l word RET Look in the dictionary for words that match word. These words become the new list of near-misses; you can select one of them as the replacement by typing a digit. You can use * in word as a wildcard. C-g X Quit interactive spell checking, leaving point at the word that was being checked. You can restart checking again afterward with C-u M-$. Quit interactive spell checking and move point back to where it was when you started spell checking. Quit interactive spell checking and kill the spell-checker subprocess. Show the list of options.

x q ?

In Text mode and related modes, M-TAB (ispell-complete-word) performs inbuer completion based on spelling correction. Insert the beginning of a word, and then type M-TAB; this shows a list of completions. (If your window manager intercepts M-TAB, type ESC TAB or C-M-i.) Each completion is listed with a digit or character; type that digit or character to choose it. Once started, the Aspell or Ispell or Hunspell subprocess continues to run, waiting for something to do, so that subsequent spell checking commands complete more quickly. If you want to get rid of the process, use M-x ispell-kill-ispell. This is not usually necessary, since the process uses no processor time except when you do spelling correction. Ispell, Aspell and Hunspell look up spelling in two dictionaries: the standard dictionary and your personal dictionary. The standard dictionary is specied by

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the variable ispell-local-dictionary or, if that is nil, by the variable ispelldictionary. If both are nil, the spelling programs default dictionary is used. The command M-x ispell-change-dictionary sets the standard dictionary for the buer and then restarts the subprocess, so that it will use a dierent standard dictionary. Your personal dictionary is specied by the variable ispell-personaldictionary. If that is nil, the spelling program looks for a personal dictionary in a default location. A separate dictionary is used for word completion. The variable ispellcomplete-word-dict species the le name of this dictionary. The completion dictionary must be dierent because it cannot use root and ax information. For some languages, there is a spell checking dictionary but no word completion dictionary. Flyspell mode is a minor mode that performs automatic spell checking as you type. When it nds a word that it does not recognize, it highlights that word. Type M-x flyspell-mode to toggle Flyspell mode in the current buer. To enable Flyspell mode in all text mode buers, add flyspell-mode to text-mode-hook. See Section 33.2.2 [Hooks], page 445. When Flyspell mode highlights a word as misspelled, you can click on it with Mouse-2 to display a menu of possible corrections and actions. You can also correct the word by editing it manually in any way you like. Flyspell Prog mode works just like ordinary Flyspell mode, except that it only checks words in comments and string constants. This feature is useful for editing programs. Type M-x flyspell-prog-mode to enable or disable this mode in the current buer. To enable this mode in all programming mode buers, add flyspell-prog-mode to prog-mode-hook (see Section 33.2.2 [Hooks], page 445).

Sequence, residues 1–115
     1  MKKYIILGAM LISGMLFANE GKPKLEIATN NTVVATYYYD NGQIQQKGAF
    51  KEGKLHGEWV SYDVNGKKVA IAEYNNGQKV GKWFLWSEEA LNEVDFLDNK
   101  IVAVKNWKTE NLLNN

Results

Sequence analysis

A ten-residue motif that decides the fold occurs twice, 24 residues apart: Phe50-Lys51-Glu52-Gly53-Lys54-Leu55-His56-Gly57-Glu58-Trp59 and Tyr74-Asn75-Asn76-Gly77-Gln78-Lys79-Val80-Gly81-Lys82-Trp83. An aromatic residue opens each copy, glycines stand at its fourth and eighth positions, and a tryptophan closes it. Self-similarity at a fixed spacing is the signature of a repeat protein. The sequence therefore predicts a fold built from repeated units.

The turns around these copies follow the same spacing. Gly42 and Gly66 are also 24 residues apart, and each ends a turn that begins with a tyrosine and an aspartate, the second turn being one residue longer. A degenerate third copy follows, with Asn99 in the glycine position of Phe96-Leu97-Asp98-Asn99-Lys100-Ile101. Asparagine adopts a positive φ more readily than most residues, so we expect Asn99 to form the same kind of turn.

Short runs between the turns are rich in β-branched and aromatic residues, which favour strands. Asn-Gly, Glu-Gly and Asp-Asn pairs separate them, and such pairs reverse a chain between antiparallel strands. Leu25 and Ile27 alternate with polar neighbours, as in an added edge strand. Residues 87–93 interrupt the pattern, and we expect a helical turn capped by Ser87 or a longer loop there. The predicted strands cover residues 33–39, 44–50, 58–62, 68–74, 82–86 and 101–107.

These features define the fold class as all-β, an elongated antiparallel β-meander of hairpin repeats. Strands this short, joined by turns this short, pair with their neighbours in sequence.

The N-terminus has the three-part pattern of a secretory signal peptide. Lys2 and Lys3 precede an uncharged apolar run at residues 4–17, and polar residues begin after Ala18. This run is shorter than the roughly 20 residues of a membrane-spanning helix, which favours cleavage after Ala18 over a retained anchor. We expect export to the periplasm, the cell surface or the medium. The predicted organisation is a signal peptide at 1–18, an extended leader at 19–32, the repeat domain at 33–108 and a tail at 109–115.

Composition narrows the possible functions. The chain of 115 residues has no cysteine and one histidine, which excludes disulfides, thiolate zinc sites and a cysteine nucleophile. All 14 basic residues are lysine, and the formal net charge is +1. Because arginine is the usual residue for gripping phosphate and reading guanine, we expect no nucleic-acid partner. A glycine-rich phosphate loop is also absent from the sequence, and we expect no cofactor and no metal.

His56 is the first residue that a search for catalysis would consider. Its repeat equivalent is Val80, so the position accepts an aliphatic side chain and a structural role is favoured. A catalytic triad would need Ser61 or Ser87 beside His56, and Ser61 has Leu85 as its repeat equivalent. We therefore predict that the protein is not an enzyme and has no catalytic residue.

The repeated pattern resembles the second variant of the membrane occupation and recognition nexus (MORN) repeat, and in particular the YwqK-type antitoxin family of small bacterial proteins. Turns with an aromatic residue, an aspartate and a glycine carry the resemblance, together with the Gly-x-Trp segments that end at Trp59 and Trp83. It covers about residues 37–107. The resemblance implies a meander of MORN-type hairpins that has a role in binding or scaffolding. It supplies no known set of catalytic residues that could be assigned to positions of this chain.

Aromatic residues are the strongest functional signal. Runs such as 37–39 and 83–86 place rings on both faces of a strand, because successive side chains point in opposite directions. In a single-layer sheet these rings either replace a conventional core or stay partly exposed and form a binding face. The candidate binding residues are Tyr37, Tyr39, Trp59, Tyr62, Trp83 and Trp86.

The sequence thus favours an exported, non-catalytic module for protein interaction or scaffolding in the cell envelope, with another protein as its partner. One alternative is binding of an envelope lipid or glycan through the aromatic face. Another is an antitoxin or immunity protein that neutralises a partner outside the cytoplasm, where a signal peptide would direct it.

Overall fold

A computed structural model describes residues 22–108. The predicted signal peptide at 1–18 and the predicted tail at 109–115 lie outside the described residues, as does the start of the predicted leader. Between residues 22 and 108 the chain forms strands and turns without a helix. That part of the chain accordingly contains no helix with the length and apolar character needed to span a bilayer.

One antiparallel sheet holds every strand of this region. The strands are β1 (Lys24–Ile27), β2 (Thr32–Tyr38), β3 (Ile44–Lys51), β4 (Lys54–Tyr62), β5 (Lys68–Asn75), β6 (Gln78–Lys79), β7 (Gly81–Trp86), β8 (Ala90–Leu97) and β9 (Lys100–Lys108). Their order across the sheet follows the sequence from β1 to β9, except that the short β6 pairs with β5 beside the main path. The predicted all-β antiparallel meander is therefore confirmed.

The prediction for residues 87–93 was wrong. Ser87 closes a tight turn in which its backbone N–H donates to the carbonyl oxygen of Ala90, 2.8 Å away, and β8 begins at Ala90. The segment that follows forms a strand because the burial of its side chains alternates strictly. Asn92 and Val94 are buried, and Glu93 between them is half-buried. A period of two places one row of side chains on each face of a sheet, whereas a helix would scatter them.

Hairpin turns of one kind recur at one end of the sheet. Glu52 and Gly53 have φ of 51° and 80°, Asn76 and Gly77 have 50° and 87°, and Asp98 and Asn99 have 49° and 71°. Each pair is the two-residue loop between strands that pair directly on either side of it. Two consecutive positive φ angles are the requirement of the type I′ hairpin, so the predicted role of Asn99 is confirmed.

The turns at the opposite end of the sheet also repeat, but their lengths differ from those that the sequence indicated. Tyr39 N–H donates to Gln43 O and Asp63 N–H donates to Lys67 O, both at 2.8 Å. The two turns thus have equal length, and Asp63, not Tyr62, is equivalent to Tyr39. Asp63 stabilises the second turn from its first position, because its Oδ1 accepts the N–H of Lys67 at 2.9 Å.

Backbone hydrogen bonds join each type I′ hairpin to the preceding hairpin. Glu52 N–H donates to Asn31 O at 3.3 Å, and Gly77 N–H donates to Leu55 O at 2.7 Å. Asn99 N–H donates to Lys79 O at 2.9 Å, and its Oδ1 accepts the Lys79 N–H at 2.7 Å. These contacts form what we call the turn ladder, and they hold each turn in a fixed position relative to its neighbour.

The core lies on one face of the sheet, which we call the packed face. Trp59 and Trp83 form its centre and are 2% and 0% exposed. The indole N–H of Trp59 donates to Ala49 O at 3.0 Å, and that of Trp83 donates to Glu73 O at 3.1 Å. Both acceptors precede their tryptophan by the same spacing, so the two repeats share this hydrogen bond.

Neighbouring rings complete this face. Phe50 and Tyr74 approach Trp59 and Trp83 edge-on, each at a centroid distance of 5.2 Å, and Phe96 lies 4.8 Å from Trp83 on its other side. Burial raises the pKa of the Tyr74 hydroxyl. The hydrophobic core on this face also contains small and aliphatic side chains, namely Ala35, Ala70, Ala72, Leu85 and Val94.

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14 Keyboard Macros